Duvenhage said safety remains their priority.
“Our goal remains zero harm- the solid establishment and maintenance of an illness and injury-free workplace, where everyone goes home safely each day,” he said.
Australian company Deep Yellow Limited (DYL) has been in the news for environment - related concerns in their development of the Aussinanis uranium project.
The deposit is about five kilometres from the Gobabeb research centre, and about one kilometre from the Topnaar village. The Topnaars, located on the fringes of the Namib Desert, are one of the oldest Namibian tribes. The area also accommodates a research and conservation centre, Gobabeb.
Environmentalists fear that constructing a mine in the area will affect the centre as well as conservation in the Namib Naukluft Park - the largest nature reserve in Namibia, spanning an area larger than Switzerland.
Since 1997 Gobabeb has been a regional centre of promoting management of natural resources in arid environments.
DYL’s operations in Namibia are run by a subsidiary, Reptile Uranium Namibia. Its country manager, Peter Christian, insisted that any possible future mine development at Aussinanis will have to undergo environmental scrutiny.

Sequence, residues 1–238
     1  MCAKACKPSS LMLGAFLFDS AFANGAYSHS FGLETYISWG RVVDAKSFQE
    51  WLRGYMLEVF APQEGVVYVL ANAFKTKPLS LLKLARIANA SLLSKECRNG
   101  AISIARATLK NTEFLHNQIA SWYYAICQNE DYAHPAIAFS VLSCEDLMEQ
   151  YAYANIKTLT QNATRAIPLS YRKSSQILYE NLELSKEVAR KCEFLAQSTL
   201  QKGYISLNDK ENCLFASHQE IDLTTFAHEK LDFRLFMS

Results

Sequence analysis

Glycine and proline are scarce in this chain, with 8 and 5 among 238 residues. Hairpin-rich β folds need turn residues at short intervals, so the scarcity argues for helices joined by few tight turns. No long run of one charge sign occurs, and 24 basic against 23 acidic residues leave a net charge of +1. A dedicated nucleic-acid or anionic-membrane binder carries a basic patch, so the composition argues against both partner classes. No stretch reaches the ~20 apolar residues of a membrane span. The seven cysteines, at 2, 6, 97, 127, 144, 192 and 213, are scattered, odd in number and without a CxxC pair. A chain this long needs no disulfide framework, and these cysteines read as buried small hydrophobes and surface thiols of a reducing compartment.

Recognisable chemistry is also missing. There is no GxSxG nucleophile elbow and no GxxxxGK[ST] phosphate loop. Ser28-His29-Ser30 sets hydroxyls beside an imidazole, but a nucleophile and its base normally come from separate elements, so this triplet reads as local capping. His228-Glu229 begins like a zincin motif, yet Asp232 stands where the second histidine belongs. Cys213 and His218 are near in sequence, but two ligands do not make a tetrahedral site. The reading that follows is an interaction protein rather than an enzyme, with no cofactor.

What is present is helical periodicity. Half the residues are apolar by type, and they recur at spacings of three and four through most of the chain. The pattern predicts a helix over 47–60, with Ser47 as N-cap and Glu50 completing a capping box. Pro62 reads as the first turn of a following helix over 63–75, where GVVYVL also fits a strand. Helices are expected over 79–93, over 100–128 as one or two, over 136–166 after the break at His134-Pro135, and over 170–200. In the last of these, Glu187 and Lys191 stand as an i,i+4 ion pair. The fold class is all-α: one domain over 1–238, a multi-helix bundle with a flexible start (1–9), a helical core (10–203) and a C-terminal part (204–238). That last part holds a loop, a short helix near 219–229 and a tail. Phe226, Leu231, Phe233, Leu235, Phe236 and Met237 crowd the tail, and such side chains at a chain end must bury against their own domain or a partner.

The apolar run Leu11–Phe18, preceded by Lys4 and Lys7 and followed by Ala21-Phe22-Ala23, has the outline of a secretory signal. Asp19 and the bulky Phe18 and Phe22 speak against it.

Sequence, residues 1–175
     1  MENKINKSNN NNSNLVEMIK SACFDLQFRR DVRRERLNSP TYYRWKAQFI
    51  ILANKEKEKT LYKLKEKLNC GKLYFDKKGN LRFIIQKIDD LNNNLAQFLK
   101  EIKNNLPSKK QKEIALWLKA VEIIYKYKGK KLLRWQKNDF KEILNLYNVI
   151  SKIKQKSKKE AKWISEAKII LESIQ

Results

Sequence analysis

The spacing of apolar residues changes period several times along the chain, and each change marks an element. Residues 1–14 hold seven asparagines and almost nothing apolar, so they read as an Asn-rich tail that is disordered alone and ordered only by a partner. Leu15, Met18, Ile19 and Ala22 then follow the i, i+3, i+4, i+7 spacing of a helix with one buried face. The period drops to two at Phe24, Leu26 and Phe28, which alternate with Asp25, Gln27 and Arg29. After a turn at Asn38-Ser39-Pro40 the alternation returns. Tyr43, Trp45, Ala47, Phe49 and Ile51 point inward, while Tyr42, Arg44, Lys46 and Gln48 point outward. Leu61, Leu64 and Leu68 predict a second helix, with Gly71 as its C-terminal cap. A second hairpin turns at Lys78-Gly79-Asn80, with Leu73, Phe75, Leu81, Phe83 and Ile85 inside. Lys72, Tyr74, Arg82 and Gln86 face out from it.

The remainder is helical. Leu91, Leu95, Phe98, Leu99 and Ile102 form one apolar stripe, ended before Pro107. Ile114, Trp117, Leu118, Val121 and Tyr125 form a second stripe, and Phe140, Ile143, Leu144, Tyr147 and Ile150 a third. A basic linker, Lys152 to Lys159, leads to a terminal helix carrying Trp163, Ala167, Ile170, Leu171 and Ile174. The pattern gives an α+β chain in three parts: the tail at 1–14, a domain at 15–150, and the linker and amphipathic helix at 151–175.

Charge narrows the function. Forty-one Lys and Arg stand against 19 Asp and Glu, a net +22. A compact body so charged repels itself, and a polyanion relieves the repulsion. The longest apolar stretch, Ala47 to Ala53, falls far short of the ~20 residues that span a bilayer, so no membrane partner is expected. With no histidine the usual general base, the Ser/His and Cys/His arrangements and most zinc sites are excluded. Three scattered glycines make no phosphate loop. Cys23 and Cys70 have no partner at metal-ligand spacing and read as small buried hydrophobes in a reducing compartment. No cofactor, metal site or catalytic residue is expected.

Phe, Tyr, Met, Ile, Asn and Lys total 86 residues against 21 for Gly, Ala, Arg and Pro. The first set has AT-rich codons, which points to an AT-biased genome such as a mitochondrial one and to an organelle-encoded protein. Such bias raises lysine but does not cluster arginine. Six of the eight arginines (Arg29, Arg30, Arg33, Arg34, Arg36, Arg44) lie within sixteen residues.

He said the community was consulted prior to exploration. “Relations with both Gobabeb and the Topnaar community remains amiable and transparent,” he said.
According to accessible records, more than 380 people have died in on-site accidents or off-site skirmishes linked to Australian Securities Exchange-listed mining companies since the beginning of 2004.
ICIJ included people killed away from mine sites in incidents, protests and military interventions linked to these companies, even in cases where companies deny liability.
“Mining is a risky and dangerous business, but in Australia we have the protection of trade unions and robust laws to prevent the risk of fatalities, violence and conflict,” says Serena Lilywhite, mining advocacy coordinator at Oxfam Australia. “This is not the case in many African countries.”
Exact comparisons are difficult. Factors such as the type of mineral produced and the level of mechanisation in different countries influence fatality numbers.
The mining industry has treated the continents very differently. Starting salaries for Australian mine workers is around US$60 000 (N$750 000), while the median minimum mining wage in South Africa, the best-paid jurisdiction on the continent, is about US$5 500 (N$68 000).